Accommodation & Hotels

Accommodation & Hotels

France is a diverse and colourful country, and you'll find everything from stunning log chalets in the Alps, châteaux in the countryside and beach front villas on the everything in between!


Hotels come in 5 categories from 1 to 5 stars. This is the official rating given by the Ministry of Tourism, and it is posted at the entrance on a blue shield. Stars are awarded according to objective yet somewhat outdated administrative criteria (area of the reception hall, percentage of rooms with en suite bathroom...).

Rates vary according to accommodation, location and sometimes high or low season or special events.

As of 2004, the rate for a *** hotel listed in a reliable guidebook falls between €70 (cheap) and €110 (expensive) for a double room without breakfast.

All hotels, by law, must have their rates posted outside (or visible from outside). Note that these are maximal rates: a hotel can always propose a lower rate in order to fill up its rooms. Bargaining is not the norm but you can always ask for a discount.

Hotels located in city centres or near train stations are often very small (15-30 rooms) which means that you should book ahead. Many newer hotels, business oriented, are found in the outskirts of cities and are sometimes larger structures (100 rooms or more); they may not be easy to reach with public transportation. The newer hotels are often part of national or international chains and have high standards. Many older hotels are now part of chains and provide standardized service but they retain their own atmosphere.

When visiting Paris, it is greatly advised to stay in the city proper; there are cheaper tourism hotels in the suburbs, but these cater to groups in motor coaches; they will be hard to reach by public transportation.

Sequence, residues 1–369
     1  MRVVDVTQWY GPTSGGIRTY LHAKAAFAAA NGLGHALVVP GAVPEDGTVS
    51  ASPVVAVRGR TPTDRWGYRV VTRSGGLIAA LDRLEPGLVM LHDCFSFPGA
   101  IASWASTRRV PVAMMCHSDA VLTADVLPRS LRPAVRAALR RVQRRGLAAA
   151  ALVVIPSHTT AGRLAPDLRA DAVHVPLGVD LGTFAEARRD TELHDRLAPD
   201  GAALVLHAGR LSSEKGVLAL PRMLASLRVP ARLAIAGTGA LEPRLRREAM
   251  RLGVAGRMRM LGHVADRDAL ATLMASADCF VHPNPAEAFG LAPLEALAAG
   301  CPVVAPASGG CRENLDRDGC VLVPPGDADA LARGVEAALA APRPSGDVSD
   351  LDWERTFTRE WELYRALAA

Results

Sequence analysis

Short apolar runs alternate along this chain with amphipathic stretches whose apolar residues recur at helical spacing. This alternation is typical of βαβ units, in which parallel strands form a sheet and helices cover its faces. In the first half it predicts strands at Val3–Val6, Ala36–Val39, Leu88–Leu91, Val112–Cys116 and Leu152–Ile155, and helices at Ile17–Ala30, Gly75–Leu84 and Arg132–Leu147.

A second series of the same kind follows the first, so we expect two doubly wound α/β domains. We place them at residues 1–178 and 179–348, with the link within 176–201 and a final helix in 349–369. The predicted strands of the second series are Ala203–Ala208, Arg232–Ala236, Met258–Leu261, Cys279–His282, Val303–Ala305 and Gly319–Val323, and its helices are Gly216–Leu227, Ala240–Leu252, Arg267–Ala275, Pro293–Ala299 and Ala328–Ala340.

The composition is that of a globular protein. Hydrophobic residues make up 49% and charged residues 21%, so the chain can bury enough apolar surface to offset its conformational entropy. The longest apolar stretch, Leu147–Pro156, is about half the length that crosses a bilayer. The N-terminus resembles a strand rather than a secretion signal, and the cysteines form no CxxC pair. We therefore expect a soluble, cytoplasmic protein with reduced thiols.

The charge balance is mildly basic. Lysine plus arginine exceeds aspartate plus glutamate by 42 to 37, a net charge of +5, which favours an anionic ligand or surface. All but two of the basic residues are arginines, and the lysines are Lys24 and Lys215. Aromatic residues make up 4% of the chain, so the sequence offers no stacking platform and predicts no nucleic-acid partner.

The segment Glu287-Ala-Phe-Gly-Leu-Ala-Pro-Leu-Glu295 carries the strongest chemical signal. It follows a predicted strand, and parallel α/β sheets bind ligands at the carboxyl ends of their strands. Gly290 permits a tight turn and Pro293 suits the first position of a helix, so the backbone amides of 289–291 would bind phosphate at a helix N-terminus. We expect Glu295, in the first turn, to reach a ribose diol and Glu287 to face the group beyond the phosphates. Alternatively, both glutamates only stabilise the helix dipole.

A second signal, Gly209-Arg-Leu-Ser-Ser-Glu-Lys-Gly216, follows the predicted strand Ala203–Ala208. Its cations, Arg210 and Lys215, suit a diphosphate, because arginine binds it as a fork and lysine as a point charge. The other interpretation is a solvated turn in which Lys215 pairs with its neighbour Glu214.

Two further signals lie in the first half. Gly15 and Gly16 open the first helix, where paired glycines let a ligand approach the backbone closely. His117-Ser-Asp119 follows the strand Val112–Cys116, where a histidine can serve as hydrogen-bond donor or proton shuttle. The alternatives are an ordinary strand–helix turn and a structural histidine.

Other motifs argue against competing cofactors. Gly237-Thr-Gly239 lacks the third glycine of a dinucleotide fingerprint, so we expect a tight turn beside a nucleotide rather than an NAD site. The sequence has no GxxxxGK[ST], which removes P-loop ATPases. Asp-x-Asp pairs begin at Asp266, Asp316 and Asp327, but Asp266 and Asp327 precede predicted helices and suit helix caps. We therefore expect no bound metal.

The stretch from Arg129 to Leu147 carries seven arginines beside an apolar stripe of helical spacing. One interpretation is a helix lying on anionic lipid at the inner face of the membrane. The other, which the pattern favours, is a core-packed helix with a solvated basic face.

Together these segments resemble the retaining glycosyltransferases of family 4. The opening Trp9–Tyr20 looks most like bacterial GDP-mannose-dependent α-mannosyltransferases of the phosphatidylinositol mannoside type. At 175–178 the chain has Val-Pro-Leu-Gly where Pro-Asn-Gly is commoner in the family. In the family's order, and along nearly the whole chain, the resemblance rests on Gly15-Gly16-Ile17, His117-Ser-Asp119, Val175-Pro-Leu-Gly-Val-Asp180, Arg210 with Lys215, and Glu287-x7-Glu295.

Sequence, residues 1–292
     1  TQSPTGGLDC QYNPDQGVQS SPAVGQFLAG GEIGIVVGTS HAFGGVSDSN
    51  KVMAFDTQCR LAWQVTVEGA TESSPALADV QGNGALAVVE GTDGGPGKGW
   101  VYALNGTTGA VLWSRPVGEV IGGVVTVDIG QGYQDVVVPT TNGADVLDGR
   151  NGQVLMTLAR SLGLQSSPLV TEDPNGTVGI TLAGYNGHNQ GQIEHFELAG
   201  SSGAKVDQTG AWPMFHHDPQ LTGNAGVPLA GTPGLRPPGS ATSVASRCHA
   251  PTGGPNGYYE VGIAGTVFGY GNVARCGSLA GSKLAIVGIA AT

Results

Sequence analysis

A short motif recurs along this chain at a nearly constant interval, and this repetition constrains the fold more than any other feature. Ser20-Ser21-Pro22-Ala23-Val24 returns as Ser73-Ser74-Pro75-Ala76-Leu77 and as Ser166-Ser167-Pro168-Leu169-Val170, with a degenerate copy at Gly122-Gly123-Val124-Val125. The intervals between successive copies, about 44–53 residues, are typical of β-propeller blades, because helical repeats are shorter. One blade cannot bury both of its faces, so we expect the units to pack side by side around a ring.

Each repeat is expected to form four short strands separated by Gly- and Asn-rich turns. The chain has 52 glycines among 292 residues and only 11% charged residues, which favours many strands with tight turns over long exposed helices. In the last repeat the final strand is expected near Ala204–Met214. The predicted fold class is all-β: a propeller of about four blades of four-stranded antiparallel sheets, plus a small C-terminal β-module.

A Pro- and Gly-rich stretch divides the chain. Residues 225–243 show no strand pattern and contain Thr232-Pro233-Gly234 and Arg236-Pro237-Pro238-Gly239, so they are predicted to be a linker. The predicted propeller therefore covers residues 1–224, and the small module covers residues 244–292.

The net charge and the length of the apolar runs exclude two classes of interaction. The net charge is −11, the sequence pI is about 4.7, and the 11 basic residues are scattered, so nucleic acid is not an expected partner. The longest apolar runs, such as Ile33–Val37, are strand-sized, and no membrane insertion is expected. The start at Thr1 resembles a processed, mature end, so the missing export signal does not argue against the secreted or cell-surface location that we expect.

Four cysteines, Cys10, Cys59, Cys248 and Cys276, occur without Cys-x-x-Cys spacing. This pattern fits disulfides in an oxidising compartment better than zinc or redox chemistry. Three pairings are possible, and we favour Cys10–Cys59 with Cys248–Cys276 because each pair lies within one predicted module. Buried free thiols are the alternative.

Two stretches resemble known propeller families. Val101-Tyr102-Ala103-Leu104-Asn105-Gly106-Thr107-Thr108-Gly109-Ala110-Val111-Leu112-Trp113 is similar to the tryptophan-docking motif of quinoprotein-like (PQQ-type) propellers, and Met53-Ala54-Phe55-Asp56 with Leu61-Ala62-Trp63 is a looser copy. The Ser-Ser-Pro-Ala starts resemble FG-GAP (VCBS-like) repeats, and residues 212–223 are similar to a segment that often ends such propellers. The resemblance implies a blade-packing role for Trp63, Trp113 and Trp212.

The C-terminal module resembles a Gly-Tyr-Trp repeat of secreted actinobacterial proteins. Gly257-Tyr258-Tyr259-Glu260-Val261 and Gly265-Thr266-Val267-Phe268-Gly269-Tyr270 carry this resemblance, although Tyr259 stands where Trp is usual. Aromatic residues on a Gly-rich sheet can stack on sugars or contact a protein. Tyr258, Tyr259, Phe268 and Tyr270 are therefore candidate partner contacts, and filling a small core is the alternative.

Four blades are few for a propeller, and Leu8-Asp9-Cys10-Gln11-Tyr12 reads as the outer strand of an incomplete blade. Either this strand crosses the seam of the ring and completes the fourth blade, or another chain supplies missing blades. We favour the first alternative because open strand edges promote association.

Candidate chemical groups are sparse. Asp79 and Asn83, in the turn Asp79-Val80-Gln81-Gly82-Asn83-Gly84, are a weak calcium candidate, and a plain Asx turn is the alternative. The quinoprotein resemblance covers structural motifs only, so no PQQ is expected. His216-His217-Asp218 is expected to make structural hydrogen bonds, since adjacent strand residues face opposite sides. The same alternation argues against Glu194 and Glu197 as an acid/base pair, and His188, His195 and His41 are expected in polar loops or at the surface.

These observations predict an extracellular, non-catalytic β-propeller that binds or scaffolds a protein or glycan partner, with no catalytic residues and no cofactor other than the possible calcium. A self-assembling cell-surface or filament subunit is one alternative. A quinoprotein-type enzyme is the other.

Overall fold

Along the autoroute (motorway) network, and at the entrance of cities, you'll find US-style motels; they are very often reachable only by car. Some motels (e.g. Formule 1) have minimal service, if you come in late you find an ATM-like machine, using credit cards, which will deliver a code in order to reach your assigned room.

B&Bs and Gîtes

Throughout France, mainly in rural areas but also in towns and cities, you can find B&Bs and gîtes.

B&B's are known in French as "chambres d'hôtes" and are generally available on a night-by-night basis. By law, breakfast MUST be included in the advertised price for a chambre d'hôte. Bear this in mind when comparing prices with hotels, where breakfast is NOT included in the room price.

Gîtes or gîtes ruraux are holiday cottages, and generally rented out as a complete accommodation unit including a kitchen, mostly on a weekly basis. Literally the French word gîte just means a place to spend the night; however it is now mostly used to describe rental cottages or self-catering holiday homes, usually in rural parts of France. There are very few near or in the cities. Finding them requires buying a guide or, for greater choice, using the internet, as you will not find many signposted on the road.

Traditionally, gîtes provided basic good value accommodation, typically adjacent to the owner's household or in a nearby outbuilding. More recently the term has been extended, and can now be used to describe most country-based self-catering accommodation in France. Hence it includes accommodation as varied as small cottages to villas with private swimming pools.

During peak summer months the best self-catering gîtes require booking several months in advance.

There are thousands of B&Bs and gîtes in France rented out by foreign owners, particularly British and Dutch, and these tend to be listed, sometimes exclusively, with English-language or international organisations and websites that can be found by keying the words "chambres d'hôtes", "gîtes" or "gîtes de france" into any of the major search engines.

There is a large number of organisations and websites offering gîtes.

Gîtes de France

A France-wide cooperative organisation, Gîtes de France groups more than 50,000 rural places of accommodation together and was the first in France to offer a consistent rating system with comprehensive descriptions.

Despite the name, Gîtes de France offers B&B as well as holiday rental (gîte) accommodation.

The Gîtes de France rating system uses wheat stalks called épis (equivalent to a star rating), based on amenities rather than quality - though generally the two go together.